People do in fact trade a commitment of their time in the future to productive efforts in exchange for a claim in the present on the productive efforts of others which occurred in the past.

        So from this perspective, I would ask you if your conceptualization of the “surplus” that banks would manage in a real world banking system includes the conceptual surplus that does not currently exist in the world, but which is simply anticipated—with a great of rational justification—to be generated in the future?

        Yes, it is all ultimately based on “guesswork”, but we often find in this existence that our guesses are good enough to produce desirable results.

        Have you worked this feature of our experience into your conceptualization of the surplus that future banks would be involved in? Your answer could help me to reconcile your ideas on this topic with my own understanding of things…

  5. December 14, 2017 at 6:48 pm

    “One of my foundational understandings of the money based economy, Dave, is that money is ultimately a claim on the productive efforts of others (that everyone recognizes as such).”

    James, I entirely understand what you mean. Do you understand that I am disagreeing with the usual understanding – which is yours – on effectively the same grounds as Copernicus disagreed with Ptolemy? The order of events is ambiguous and the conventional interpretation is mistaken insofar as it both obscures the truth and makes practice unnecessarily complicated.

    Put another way, the fact that “financial assets” including money are sold as a “claim” on the productive efforts of others doesn’t mean the claim represents a moral right even if (perforce) it is a legal one: it could be a hope, or wishful thinking, or a scam. The “assets” could on the other hand represent credit worthiness – a rolling indicator of what people or cooperatives may need to use to contribute in the future, given the reliability of their contributions in the past. An unearned right to goods is by no means the same as giving credit where it is due or needed.

    Indicators that the conventions based on direct observation of how money is used are back to front include it going to the rich who don’t need it but not to poorer people who do need it – both to survive or to thrive. Again, those who think they have earned money are tempted to spend it for show rather than necessity, whereas those used to relying on credit learn not to push their luck too far, minimising their demands on Nature’s bounty. Indications that monetary claims are a scam include the way bank money is created, whether you think of this in terms of the principle of Reserve Banking or the detail of Professor Werner’s careful observations of actual banking practice: the money banks lend has not been earned but is simply credited to accounts; nor is any debt incurred until the money has been spent. People have in any case been saying this since c.1823. Read “What is Money?” by A Mitchell Innes (1913) or watch “The Money Makers”. Indications that work contracts are a scam are that employees are expected to credit employers with work but accept payment in bankers’ IOUs, which could equally well have been supplied at the beginning of the week. Employees would the owe work rather than employers payment. In short, if our monetary system is described honestly it amounts to rationing credit limits (and perversely so), not redistributing wealth.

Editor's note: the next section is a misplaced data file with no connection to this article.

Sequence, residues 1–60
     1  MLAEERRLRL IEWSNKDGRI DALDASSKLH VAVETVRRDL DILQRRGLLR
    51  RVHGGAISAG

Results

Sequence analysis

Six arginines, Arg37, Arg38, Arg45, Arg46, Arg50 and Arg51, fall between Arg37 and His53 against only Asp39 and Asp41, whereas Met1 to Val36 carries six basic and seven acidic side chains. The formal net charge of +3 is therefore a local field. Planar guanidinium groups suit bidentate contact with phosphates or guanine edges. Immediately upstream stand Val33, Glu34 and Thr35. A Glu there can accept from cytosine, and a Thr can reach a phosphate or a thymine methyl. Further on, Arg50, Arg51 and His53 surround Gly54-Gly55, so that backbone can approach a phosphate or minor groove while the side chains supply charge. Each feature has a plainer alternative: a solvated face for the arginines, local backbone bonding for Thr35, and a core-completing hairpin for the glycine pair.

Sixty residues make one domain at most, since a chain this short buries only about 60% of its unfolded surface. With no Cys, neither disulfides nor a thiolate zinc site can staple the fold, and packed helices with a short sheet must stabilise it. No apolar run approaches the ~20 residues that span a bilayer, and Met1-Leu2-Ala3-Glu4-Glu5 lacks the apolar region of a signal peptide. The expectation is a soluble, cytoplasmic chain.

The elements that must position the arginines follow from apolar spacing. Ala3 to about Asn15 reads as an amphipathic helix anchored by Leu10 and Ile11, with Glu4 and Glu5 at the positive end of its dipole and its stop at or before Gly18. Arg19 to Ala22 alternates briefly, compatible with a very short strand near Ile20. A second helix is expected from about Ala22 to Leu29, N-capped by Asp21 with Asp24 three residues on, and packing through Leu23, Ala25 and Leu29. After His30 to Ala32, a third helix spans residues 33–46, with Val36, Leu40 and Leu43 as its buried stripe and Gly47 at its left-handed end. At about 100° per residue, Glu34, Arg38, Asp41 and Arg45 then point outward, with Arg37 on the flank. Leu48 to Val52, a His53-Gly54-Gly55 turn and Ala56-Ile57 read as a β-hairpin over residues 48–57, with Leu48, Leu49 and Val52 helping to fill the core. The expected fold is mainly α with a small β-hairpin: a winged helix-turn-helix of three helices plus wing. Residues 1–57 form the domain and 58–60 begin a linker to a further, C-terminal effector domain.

A typo probably hasn’t helped you grasp my argument that “the real bank is THE world we live in”. Hence your question: “I would ask you if your conceptualization of the “surplus” that banks would manage in a real world banking system includes the conceptual surplus that does not currently exist in the world, but which is simply anticipated—with a great of rational justification—to be generated in the future?”

    In my real world banking system, what we now call the banks (and I would reduce to credit management advisers) would NOT manage the surplus. The real economic system would do that in much the way it does now: with distributors keeping shelves stocked and producers doing what is necessary for them to be able to do so, subject to prudential constraints on the availability of resources to help Nature regenerate its surpluses. But they, and others like carers and scientists and educators and organisers and advisors (and even those fully employed just by trying to look after themselves) would be given generous credit allowances first which, insofar as they were used appropriately, would be renewed second. Filling our world with weapons and dangerous technology (as against prototyping these to see if they were dangerous), or making, selling, buying and throwing away rubbish, would not be using it appropriately. Nor can good work be anticipated to justify high wages and profits; it (be it design or realisation) deserves to be rewarded only after it has been done well. Certainly bankers do not deserve to be rewarded for the educational achievements and hard-won communal infrastructure and natural resources which are the surplus we shall be living on as we try to maintain and reproduce it; nor for the obscene degradation of ecological processes which used to do most of our work for us with negligible pollution.